I will be in two other distinctly different regions - a four-day stop over in Rome and then a flirt with Orvieto, where the crostini of (British) modern Italian cooking, Alastair Little, teaches superior (i.e. authentic and intelligent) Italian cookery to those who don't quite know their lampone from their zampone. I have known Alastair since he was a mere crouton at the 192 restaurant and bar in Notting Hill, where he danced around a tight kitchen and sent out floppy bowls of brilliant pasta e fagioli, long before we had even blanched at the thought of cavolo nero.
This grande tourismo gastronomica commences in Sardinia. When considering the choice of diet on any Mediterranean island, one would automatically think of the fruits of the sea rather than those of the land. However, on this rocky lump in the Mediterranean, although it is abundant with fish and shellfish, the picture is a little different,
While enduring hundreds of years of constant invasion, the Sardes would take refuge in the hills and mountains, temporarily eschewing the marine riches of the abundant coastal waters for creatures of the land. But the arid and barren terrain meant that the Sardininas always had to struggle. Apart from such hardy staples as olives and vines and some durum wheat used in the making of breads (particularly the wonderful carta da musica, of which more later) and pasta, on the surface, that seems to be about it.
Some other breads are made with chickpea flour, such as faina - and if you have come across socca in the south of France, especially around Nice, then you will know this stuff already.
Wild herbs and plants grow among the rocky, scrub terrain in profusion. Their heady aroma is a magnet for busy Sardinian bees, the resultant honey being highly prized throughout Italy. Freshly made ewe or goat's cheese ricotta is gorgeous when dribbled with this honey and eaten with the aforementioned carta de musica.
Translated as "music paper" due to its parchment-like texture, this more- ish bread is indigenous to the island. Made in a seemingly constant process, carta da musica - particularly when eaten at the beginning of a meal, hot with salt, oil and rosemary - is possibly most similar in style to the Indian poppadum, but without the spices.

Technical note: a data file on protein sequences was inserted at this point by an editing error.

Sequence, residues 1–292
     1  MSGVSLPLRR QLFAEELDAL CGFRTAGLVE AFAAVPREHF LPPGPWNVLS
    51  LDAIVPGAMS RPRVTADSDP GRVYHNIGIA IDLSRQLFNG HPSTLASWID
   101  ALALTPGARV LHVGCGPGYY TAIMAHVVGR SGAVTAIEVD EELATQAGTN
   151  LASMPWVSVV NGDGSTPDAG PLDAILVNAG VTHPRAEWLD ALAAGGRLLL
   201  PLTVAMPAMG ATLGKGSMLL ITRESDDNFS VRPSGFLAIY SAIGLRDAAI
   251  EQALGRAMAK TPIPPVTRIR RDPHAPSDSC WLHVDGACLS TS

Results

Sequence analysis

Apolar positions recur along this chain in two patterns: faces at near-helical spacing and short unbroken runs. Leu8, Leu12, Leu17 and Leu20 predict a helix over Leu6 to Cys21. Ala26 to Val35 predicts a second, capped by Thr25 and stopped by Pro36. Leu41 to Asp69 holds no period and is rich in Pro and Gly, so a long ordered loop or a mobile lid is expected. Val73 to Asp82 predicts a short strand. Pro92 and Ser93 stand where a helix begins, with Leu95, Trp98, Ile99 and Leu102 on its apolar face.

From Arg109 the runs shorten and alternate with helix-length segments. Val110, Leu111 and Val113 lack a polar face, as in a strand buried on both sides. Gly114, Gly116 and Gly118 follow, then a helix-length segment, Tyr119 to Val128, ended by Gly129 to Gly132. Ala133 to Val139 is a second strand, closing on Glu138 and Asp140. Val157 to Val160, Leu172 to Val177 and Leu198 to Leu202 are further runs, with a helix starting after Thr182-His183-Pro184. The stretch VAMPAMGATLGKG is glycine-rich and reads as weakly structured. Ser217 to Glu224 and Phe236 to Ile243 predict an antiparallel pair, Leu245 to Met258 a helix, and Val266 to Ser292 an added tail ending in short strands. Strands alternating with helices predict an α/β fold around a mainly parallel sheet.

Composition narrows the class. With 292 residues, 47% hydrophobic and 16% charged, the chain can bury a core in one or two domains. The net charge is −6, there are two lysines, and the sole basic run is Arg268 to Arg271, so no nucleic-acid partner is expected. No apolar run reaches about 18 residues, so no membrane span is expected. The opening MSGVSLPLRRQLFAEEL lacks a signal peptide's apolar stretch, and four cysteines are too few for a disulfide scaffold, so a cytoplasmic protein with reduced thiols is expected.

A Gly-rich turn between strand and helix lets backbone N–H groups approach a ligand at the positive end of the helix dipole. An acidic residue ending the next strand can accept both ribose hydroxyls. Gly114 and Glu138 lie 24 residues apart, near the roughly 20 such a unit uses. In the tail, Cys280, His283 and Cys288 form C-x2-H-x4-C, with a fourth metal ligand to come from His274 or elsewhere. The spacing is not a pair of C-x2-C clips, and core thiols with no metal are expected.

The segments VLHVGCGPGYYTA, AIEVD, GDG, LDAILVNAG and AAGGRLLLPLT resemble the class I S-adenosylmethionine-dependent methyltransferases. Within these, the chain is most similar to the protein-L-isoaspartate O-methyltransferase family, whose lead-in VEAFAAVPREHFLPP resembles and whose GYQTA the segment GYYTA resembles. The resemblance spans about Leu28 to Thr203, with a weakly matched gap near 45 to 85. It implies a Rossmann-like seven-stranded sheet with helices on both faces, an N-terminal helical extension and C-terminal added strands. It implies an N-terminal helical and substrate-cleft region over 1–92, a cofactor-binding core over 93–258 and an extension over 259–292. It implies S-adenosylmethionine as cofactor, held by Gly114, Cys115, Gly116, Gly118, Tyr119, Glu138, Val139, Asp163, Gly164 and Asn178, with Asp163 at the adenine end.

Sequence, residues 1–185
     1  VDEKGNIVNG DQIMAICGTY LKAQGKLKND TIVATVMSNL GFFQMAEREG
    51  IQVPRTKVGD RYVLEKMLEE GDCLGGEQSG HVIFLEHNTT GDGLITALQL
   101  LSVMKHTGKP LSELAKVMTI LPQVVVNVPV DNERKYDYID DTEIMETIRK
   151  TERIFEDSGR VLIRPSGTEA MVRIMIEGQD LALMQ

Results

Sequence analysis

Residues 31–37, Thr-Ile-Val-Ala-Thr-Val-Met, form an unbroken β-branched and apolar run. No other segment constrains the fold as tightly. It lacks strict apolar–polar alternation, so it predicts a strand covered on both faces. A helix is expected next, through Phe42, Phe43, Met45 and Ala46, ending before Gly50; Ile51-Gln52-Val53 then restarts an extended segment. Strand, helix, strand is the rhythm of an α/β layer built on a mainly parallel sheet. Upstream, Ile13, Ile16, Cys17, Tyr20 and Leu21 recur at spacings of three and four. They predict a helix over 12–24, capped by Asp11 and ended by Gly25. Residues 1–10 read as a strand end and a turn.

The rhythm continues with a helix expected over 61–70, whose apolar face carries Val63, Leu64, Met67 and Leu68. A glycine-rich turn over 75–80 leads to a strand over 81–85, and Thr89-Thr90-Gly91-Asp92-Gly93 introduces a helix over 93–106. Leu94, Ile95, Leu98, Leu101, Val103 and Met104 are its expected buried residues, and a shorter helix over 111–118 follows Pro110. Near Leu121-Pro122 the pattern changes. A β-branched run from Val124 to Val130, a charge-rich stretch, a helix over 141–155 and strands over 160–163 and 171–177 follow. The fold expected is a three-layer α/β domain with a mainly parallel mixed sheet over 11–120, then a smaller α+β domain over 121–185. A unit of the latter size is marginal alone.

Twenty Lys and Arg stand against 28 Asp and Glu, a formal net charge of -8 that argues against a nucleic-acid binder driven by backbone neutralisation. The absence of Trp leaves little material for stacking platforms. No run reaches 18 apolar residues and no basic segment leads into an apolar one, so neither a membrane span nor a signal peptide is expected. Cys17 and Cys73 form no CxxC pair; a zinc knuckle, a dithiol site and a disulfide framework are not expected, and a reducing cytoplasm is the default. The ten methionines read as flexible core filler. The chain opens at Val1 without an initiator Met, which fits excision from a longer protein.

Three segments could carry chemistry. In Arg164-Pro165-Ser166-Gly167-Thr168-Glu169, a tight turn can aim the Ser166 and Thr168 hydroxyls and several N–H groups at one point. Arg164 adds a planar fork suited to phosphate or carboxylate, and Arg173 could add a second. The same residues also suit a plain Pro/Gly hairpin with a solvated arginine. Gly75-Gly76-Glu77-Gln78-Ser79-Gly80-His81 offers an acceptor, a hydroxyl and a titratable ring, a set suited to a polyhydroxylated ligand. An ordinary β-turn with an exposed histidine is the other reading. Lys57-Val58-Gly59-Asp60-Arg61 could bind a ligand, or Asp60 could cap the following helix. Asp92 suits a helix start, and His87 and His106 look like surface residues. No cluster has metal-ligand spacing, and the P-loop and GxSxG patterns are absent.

Farm hands and shepherds use them as plates for balancing a simple meal of salad and grilled meats, eaten in their rocky, lunchtime sunshine. I cannot resist thinking of the pleasing common denominator here, where Turks and Lebanese have their warm pitta stuffed with baked lamb, Mexico the folding floury tortilla and Brittany the crepe. Our own Yorkshire pudding and Cornish pasties, naturally, come into a class of their own.
To know Sardinia is also to know bottarga. In Marseilles, and regions nearby, it is called poutarge. I remember first tasting this salty dried mullet roe about 10 years ago at the Brasserie New York, in the old port of Marseilles about 10 years ago. It came in tiny pots as a paste, and had been covered with a clean film of very good olive oil which had been infused with a sprig or two of thyme. Not much here, I thought at the time. But the taste was so intense that the experience could only be compared to wolfing down a pot of Gentleman's Relish.
Bottarga is either sliced with a small knife into saline slivers, or grated coarsely over hot spaghetti. You should be able to find it in decent Italian delicatessens, along with carte de musica.
Good bottarga, as with genuine salt cod, has a whiff of old socks about it. But once this pungency is appreciated, the flavour is quite magnificent. However I must say that eating spaghetti with local gratings in Sardinia put everything into perspective: this was the finest I have savoured,
The recipe that follows is a mixture of one from an Italian cafe by a river and another from a cafe on an Italian island.